From its opening image of morning sunlight filtering through trees draped in Spanish moss, Sofia Coppola’s sixth feature film The Beguiled aggressively establishes a mood of ethereal Southernness. An on-screen title places the setting in rural Virginia, one year before the end of the Civil War. A stately, cream-white plantation mansion with massive Ionic columns—the same Louisiana location used for parts of the shoot of Beyoncé’s 2016 visual album Lemonade—stands near-deserted close by that moss-hung forest, where a little girl gathering wild mushrooms (Oona Laurence) happens upon a badly wounded Union soldier (Colin Farrell).
Good Christian that she is, the child helps the man back to the near-abandoned plantation where a strict schoolmistress, Miss Martha Farnsworth (Nicole Kidman), is attempting to run a proper boarding school for young ladies with the aid of the frustrated and restless teacher Edwina (Kirsten Dunst). The eldest of the group, Alicia (Elle Fanning), is a boy-crazy teenager who flirts openly with the handsome man in their midst, who turns out to be a silver-tongued Irish mercenary named John McBurney. The other pupils, all preteens, hold a wide array of attitudes toward the injured intruder, from reflexive anti-Yankee suspicion to budding puppy love. As Miss Martha nurses the sick man back to health, keeping his presence a secret from the Confederate troops who regularly patrol the area, sexual tensions and sororal rivalries bring the already-tense hothouse atmosphere to a rolling boil.
The Beguiled is based on a 1966 Thomas Cullinan novel that was adapted into a 1971 film by Don Siegel with Clint Eastwood in the role of the Union soldier. That movie had a slightly tawdry, Penthouse-letter quality, focusing on the Eastwood character’s status as captive stud. What drew Coppola to the property, she’s said in interviews, was the chance to explore the story from the female characters’ point of view—like her debut film The Virgin Suicides, this one takes place in a house full of isolated, sexually repressed young women—as well as the opportunity to explore what she has called a “very exotic … romantic and dark setting.”
But at least one important element of “darkness” has been excised from the story entirely. In both the book and Siegel’s adaptation, the wounded Union soldier was cared for primarily by an enslaved black woman (played in the 1971 film by Mae Mercer). In the novel, Edwina, the teacher character here played by Dunst, was a teenager of mixed race who hid the fact of her partially black ancestry from the rest of the household. Coppola’s script acknowledges and dismisses the existence of slavery in a single early line: “The slaves left,” the youngest girl informs the wounded man as she walks him back to the mansion. How long ago, we wonder, and under what circumstances? Where did they go? What has the adjustment process been like for these privileged young ladies who until recently had all their domestic chores performed for them by captives forced to provide free labor under the constant threat of violence?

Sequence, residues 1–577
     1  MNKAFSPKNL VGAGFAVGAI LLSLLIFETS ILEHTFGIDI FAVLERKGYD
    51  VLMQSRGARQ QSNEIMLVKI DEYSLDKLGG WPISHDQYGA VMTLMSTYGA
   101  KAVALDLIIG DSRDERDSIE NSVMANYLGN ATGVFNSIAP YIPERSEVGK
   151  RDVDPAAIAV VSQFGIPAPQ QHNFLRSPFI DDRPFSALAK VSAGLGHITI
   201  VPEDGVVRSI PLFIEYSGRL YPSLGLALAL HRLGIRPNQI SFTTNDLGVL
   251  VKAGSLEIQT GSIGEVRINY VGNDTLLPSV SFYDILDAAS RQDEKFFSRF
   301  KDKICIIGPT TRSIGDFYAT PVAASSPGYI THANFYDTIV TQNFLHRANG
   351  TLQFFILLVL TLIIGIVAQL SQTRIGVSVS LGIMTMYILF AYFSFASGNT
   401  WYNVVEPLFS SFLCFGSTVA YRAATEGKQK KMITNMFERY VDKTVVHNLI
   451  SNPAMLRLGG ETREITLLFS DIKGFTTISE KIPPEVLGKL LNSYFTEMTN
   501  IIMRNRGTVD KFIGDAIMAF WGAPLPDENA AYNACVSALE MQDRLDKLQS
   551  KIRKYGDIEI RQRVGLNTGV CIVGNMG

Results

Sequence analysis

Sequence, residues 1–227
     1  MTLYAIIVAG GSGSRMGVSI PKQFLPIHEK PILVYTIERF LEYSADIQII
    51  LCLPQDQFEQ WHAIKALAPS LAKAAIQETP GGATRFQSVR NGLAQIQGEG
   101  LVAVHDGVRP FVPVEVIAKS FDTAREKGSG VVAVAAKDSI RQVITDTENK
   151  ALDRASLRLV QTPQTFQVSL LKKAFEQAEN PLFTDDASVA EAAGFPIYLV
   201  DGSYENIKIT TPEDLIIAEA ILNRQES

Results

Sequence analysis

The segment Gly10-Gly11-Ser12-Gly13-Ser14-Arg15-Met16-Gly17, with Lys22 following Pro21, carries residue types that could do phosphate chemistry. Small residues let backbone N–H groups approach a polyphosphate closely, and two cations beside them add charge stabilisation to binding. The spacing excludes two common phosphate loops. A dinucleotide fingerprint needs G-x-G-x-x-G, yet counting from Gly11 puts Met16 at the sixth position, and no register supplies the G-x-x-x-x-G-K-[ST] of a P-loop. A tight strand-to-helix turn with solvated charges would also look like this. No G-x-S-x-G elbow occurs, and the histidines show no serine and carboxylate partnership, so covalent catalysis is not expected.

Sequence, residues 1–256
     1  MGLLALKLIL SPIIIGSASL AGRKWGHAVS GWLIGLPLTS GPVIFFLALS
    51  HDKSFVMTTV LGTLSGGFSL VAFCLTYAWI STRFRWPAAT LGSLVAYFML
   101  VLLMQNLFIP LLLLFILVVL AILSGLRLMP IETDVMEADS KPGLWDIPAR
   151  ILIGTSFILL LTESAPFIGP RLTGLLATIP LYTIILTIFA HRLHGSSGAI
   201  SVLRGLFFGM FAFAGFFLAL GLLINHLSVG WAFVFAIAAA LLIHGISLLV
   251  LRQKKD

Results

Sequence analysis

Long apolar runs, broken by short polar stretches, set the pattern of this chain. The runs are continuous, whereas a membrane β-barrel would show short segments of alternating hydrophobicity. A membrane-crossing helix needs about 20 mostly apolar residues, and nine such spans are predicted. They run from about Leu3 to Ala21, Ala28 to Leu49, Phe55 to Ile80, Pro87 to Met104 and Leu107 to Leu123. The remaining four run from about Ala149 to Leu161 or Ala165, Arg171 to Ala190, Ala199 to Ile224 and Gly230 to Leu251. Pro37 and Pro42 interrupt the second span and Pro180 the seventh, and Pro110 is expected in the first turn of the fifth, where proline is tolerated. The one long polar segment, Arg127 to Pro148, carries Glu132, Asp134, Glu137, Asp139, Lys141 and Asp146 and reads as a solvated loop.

Coppola has defended the omission of both characters of color by explaining that she was interested in exploring gender politics rather than racial ones—a claim seemingly designed to make intersectional activists everywhere smack their raced and gendered hands against their foreheads. There’s no need, of course, for every film set in the Civil War–era South to focus exclusively on the power dynamics between masters and enslaved people. But to eliminate this element from the story—to effectively run plantation life in 1864 through the bleach cycle—not only places The Beguiled in a space outside history; it drains the plot of much of its potential stakes.
The competition among the women for McBurney’s attention and approval provides tension and humor for the gauzily atmospheric, if slow-moving, first hour. (The Beguiled runs only 93 minutes, but those minutes pass with the stifling leisure of a July afternoon on a Georgia porch.) After a grisly plot twist threatens to throw the household into a state of atavism, the film enters an overfamiliar zone of Southern Gothic melodrama, all bloodstained lace nightgowns, falsely gay dinner parties, and fevered confessions of repressed desire.
The Beguiled is a triumph of lighting, cinematography, art direction, and costume design, shot on 35 mm film in natural light or candlelight, with the young girls in their faded 1860s gowns looking like so many pastel-wrapped bonbons. The cast, especially Kidman, Dunst, and Farrell, hits their notes of longing, suspicion, and revenge with precision, and even the Southern accents are consistent and understated rather than broad and campy. The whole production is elegant and tasteful to a fault, even when, in the second half, the revolvers and hacksaws come out.
Sofia Coppola won the best director prize at Cannes for The Beguiled, becoming only the second woman to do so in that festival’s history. From an aesthetic and technical perspective, her achievement is laudable, but there’s something underfurnished about this movie, a lack of historical, intellectual, and thematic richness. For all its elaborate design and carefully calibrated mood, it comes down to the tale of a randy fox in an impeccably preserved Greek Revival henhouse.